James Whatman (1702–1759), the Elder, was a paper maker, born in Kent, who made revolutionary advances to the craft in England. He is noted as the inventor of wove paper (or Velin), an innovation used for high quality art and printing. The techniques continued to be developed by his son, James Whatman the Younger (1741–1798). At a time when the craft was based in smaller paper mills, his innovations led to the large scale and widespread industrialisation of paper manufacturing.
Whatman had been approached by John Baskerville, who needed paper that would take a light impression of the printing plate; this was used for the edition of Virgil's poetry, embellished with Baskerville's typography and designs. The earliest examples of wove paper, bearing his watermark, appeared after 1740.
Their business, in addition to producing the finest paper, is probably responsible for the invention of the wove wire mesh used to mould and align the pulp fibres. This is the principal method used in the mass production of most modern paper. The Whatmans held a part interest in the establishment at Turkey Mill, near Maidstone, after 1740, this was acquired through the elder Whatman's marriage to Ann Harris.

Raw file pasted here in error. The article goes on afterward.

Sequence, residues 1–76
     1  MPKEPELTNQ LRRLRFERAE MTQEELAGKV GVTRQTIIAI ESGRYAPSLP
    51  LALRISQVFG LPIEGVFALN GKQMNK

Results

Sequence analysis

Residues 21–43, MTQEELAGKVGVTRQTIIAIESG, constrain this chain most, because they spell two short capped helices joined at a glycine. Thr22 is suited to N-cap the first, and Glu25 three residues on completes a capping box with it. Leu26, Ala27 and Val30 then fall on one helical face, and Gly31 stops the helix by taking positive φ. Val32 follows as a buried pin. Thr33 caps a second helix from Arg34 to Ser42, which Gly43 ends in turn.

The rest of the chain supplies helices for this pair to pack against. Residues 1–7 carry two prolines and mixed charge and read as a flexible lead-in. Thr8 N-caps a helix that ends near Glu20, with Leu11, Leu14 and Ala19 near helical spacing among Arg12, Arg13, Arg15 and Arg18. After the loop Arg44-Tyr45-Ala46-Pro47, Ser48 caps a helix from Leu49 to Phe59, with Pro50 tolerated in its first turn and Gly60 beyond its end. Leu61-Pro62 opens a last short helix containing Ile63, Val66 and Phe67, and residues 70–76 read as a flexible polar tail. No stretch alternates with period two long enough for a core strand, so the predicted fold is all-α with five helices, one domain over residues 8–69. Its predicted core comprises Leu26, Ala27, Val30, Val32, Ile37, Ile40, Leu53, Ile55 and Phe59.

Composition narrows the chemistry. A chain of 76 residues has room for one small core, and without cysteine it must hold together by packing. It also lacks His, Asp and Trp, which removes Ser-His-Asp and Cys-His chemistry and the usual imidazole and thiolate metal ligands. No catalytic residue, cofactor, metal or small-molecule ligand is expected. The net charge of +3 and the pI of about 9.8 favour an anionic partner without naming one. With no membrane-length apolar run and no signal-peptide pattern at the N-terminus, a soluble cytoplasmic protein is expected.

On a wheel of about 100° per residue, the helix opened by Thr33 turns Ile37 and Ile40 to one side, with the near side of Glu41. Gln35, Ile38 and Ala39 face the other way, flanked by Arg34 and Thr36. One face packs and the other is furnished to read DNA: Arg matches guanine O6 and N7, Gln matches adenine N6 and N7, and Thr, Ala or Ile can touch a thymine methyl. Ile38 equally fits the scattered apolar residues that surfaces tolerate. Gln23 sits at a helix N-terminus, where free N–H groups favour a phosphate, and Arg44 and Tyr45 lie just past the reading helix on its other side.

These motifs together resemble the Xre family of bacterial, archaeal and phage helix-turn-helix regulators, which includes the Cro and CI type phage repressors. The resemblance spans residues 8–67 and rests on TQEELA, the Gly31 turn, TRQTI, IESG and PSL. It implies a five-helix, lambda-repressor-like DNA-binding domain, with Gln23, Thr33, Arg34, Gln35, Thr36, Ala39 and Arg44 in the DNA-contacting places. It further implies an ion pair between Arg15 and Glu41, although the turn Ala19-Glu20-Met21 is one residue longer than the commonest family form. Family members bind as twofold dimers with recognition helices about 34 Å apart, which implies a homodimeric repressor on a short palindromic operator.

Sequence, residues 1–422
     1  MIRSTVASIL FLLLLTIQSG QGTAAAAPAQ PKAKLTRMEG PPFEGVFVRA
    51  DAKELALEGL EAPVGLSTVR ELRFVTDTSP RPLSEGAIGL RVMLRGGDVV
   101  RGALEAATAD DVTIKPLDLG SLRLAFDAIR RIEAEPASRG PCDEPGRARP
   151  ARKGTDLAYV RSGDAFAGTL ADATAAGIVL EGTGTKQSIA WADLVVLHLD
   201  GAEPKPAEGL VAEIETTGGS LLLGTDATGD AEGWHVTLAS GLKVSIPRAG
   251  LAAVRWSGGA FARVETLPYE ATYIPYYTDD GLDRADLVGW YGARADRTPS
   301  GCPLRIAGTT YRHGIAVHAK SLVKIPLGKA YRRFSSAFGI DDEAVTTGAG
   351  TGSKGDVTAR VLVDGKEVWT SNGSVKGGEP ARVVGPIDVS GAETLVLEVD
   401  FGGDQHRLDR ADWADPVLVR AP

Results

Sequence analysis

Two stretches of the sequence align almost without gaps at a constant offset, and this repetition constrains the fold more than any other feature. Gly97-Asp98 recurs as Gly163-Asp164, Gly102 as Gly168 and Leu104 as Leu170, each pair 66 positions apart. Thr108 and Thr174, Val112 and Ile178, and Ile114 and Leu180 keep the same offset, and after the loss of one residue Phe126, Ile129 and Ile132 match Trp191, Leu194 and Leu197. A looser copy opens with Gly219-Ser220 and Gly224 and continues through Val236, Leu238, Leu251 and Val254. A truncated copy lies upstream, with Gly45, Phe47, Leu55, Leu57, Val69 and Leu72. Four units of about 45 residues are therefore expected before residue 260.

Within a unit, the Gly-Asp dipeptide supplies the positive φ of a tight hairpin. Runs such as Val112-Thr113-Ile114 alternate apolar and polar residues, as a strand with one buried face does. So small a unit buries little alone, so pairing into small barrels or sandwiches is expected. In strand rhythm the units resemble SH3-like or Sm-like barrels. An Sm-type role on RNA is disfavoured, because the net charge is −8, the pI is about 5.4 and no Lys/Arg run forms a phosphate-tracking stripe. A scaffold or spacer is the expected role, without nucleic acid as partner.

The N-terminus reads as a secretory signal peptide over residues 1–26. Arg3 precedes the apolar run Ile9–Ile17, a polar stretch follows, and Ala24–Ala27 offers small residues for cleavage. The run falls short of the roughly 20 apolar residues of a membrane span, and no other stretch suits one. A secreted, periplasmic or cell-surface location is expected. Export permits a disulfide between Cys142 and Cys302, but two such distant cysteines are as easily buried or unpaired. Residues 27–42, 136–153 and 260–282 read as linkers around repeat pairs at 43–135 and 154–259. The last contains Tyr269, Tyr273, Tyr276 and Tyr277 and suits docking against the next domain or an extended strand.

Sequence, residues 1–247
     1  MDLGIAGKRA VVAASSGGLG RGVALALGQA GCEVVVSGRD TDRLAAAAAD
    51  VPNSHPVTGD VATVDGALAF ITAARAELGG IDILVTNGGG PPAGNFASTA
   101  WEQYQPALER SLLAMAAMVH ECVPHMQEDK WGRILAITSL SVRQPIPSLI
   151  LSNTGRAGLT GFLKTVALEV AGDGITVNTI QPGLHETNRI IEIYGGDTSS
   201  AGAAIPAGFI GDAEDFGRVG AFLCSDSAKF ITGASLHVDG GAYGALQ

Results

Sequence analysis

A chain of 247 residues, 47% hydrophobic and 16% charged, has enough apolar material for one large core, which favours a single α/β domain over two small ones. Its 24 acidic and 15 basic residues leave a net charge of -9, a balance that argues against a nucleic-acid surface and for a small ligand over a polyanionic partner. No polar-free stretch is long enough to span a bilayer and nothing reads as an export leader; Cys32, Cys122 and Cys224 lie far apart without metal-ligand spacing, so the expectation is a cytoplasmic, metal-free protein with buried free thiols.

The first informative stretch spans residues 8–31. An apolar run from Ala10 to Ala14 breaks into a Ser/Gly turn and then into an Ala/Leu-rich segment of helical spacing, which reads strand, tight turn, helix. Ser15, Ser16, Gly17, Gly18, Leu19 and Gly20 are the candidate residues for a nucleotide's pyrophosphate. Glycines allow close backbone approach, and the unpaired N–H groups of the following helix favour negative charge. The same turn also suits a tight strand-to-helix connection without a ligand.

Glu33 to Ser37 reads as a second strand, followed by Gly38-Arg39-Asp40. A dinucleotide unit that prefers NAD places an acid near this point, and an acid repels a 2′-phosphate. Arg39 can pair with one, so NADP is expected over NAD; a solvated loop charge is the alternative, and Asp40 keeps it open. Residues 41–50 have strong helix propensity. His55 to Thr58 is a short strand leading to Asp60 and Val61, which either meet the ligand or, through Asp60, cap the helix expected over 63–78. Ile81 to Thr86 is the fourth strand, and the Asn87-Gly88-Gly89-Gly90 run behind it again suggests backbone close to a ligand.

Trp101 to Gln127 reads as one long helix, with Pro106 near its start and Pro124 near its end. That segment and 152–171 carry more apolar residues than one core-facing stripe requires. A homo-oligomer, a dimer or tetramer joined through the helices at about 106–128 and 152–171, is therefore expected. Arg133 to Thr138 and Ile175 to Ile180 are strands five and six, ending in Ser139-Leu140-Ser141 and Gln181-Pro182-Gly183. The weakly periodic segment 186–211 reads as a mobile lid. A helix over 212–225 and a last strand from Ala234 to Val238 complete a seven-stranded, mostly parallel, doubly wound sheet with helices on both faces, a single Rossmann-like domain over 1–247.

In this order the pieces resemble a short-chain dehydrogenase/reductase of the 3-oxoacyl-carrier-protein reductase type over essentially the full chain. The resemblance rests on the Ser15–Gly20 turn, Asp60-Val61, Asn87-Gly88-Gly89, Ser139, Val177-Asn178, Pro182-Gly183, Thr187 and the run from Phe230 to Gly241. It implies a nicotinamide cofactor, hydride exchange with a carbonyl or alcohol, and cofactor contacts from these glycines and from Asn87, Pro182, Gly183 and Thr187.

The "handmade" paper bearing the Whatman's mark is still produced for special editions and art books.
The company he founded, Whatman plc, later specialized in producing filter papers and is now owned by GE Healthcare.
Whatman's name has entered the Russian language, where vatman (vatman) is a generic word for heavy high-quality paper used for drawing and watercolors.